Remember too the focus on these products is because the buyer has the cash for expensive toys. No one will make the stuff for negative money. The only cheap way is if you already have the materials, machines, and the talent. With that you will be pricing your work at $100,000. And at that price you will probably feel gipped. #### BJC ##### Well-Known Member HBA Supporter Prop- 12,000 to 15,000 for a good in flight adjustable, and why would you use anything else? If the available HP is to be used, a good constant speed prop will be required. A new prop will be much higher cost than$15,000. There are few, if any, used props available.

Perhaps Tex will give us an idea of the cost of the custom prop for his T-51.

A Hartzell composite three blade CS prop for 400HP will cost more than the entire FWF cost of $50,000 to$60,000 cited by the OP.

BJC

#### dwalker

##### Well-Known Member
I was guestimating...

#### ColderWeather86

##### Member
Man, I knew things were expensive, but not that expensive. I guess that's why private Aviation is dying off.

On another note, does anyone know of member on this forum with a PA-18 with an LS3?

#### wsimpso1

##### Super Moderator
Staff member
Log Member
The cost cited do not include building the cowling, building the ductwork for the HX's, building the ground test stand, running the ground test stand for a couple hundred hours, and if you are extra careful, hiring somebody fluent in torsional vibe measurement/analysis to measure your system to see if you have any nasty resonances. Then there are the costs of doing some of the stuff twice or three times because you found something inadequate in the process.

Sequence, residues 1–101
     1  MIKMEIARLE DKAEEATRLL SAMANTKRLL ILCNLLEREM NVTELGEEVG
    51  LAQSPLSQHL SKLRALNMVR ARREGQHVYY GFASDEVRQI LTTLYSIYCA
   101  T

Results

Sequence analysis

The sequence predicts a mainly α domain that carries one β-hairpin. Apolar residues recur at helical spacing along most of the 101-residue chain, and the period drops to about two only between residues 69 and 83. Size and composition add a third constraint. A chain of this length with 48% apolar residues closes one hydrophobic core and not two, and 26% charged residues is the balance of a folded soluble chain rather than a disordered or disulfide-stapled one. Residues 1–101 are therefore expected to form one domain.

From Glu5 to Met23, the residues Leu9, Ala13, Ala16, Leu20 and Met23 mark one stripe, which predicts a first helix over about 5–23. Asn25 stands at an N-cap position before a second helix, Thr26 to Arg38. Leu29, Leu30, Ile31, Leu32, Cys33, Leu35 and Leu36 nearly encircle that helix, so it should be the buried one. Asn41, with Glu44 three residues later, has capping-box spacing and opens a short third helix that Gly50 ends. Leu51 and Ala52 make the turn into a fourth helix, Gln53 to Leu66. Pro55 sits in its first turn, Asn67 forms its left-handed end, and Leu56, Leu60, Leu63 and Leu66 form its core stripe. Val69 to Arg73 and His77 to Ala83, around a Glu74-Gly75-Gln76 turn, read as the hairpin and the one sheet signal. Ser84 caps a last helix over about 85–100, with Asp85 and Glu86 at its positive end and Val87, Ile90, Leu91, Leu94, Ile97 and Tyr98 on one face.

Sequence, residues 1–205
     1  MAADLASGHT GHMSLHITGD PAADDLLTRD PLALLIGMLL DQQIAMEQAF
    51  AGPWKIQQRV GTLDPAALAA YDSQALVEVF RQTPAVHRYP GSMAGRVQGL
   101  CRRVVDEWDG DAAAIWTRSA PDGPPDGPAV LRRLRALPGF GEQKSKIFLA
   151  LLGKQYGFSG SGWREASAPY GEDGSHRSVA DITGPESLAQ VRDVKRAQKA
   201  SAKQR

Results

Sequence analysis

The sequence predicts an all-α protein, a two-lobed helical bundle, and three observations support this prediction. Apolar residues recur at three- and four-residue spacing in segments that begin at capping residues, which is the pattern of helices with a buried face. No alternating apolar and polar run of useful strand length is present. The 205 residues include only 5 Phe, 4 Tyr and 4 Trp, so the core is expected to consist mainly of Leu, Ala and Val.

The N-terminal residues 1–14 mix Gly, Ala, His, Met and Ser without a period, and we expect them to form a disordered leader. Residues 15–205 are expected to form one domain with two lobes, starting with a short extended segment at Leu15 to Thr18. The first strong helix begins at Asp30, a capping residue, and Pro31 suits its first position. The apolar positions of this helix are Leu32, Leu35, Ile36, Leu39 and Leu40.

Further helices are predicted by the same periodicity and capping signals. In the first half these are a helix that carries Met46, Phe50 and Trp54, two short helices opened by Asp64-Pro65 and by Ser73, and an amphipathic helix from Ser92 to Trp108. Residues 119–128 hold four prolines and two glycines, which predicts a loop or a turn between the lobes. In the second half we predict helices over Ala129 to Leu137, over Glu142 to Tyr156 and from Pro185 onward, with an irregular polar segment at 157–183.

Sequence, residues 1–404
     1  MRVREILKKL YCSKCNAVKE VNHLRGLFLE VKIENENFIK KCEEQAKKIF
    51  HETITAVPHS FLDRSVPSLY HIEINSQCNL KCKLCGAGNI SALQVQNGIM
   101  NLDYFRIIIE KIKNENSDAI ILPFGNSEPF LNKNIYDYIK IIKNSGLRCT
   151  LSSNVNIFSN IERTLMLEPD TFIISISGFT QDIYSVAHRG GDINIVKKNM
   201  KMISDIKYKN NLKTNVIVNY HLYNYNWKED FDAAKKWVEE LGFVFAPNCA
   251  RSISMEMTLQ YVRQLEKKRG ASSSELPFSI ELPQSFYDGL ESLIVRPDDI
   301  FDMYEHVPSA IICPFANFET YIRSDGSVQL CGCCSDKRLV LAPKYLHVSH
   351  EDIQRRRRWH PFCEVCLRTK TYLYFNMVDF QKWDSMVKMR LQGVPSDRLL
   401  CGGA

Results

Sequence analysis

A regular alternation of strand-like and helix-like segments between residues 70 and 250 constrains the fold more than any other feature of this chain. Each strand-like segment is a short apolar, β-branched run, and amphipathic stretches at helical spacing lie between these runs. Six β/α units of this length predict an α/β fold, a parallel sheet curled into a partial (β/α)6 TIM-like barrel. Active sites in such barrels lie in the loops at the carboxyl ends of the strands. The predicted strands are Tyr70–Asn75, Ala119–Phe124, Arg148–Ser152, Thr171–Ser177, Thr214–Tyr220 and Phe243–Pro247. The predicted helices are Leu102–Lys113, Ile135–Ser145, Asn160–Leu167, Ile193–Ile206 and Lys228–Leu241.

There is a really good reason we are not awash in PSRU's and firewall forward systems for every flavor of airplane out there. If somebody is doing an LS3 for $60k, that sounds like a good price. Billski #### TFF ##### Well-Known Member One thing too is value. Except for a very few, a v-8 Cub will be voodoo if you try and sell it. It’s not a Cub. Cub is an institution. When it’s not done like everyone else’s, you won’t be able to sell it. One with a Lycoming easy. On the flip side, one or two have done a Bearhawk with a V8. It’s probably a little better plane to do stuff too. It’s not a Cub but it is, if you get my drift. #### WWhunter ##### Active Member Man, I knew things were expensive, but not that expensive. I guess that's why private Aviation is dying off. On another note, does anyone know of member on this forum with a PA-18 with an LS3? From your questions and comments, I will guess you are fairly new to aviation. But questions are how a person learns. An airplane has many variables, but weight and balance are one of it's biggest issues that need to be considered. All the ideas of mega HP engines people want, have serious repercussions in the weight and balance. A V-8 in a Super Cub? Why? It's a proven design with the Lyc. and you'd just be 'pouring money down the drain' trying to get a V-8 to work in a SC. Talk about a nose heavy beast!! You would end up having to load the tail up with lead to get it to balance out.....then what would you have? A SC with extremely limited useful load. #### ColderWeather86 ##### Member From your questions and comments, I will guess you are fairly new to aviation. But questions are how a person learns. An airplane has many variables, but weight and balance are one of it's biggest issues that need to be considered. All the ideas of mega HP engines people want, have serious repercussions in the weight and balance. A V-8 in a Super Cub? Why? It's a proven design with the Lyc. and you'd just be 'pouring money down the drain' trying to get a V-8 to work in a SC. Talk about a nose heavy beast!! You would end up having to load the tail up with lead to get it to balance out.....then what would you have? A SC with extremely limited useful load. My Aviation experience was rotor wing, and I've been away from it for 11 years now. #### WWhunter ##### Active Member My Aviation experience was rotor wing, and I've been away from it for 11 years now. Well heck, then you know all about weight and balance! If your dream is a mega beast Super Cub, by all means go ahead. Heck, I would like to follow the progress and see how it works out. Take a look at Patey's 'Scrappy', Sort of a Super Cub on serious steroids with an 8-cylinder 720 Lyc. Where there's a will (and deep pockets) there's way. Good Luck!! #### ColderWeather86 ##### Member Well heck, then you know all about weight and balance! If your dream is a mega beast Super Cub, by all means go ahead. Heck, I would like to follow the progress and see how it works out. Take a look at Patey's 'Scrappy', Sort of a Super Cub on serious steroids with an 8-cylinder 720 Lyc. Where there's a will (and deep pockets) there's way. Good Luck!! Not exactly. I was a NRC, not a Pilot. I've been following Mike Patey for several years, since I saw Draco at OshKosh. I want to know where he gets his motivation and energy. #### TFF ##### Well-Known Member I was watching a car show once, the subject was people who get stuff done. It was kind of an explanation of personality. My best example is Rodger Penske. The guy is 90 something and he is still going like he is thirty. The simple of it was his resting state is getting more done in a day than I try in a week. Busy makes them feel regular. Do less, they can’t do less. Lucky or curse is up to you. Mike Patey is one of those. Their reward is more stuff to do, not the money. Money is a byproduct. #### TXFlyGuy ##### Well-Known Member A good prop from Whirlwind, or MT, is going to run close to$20,000. That does not include the spinner.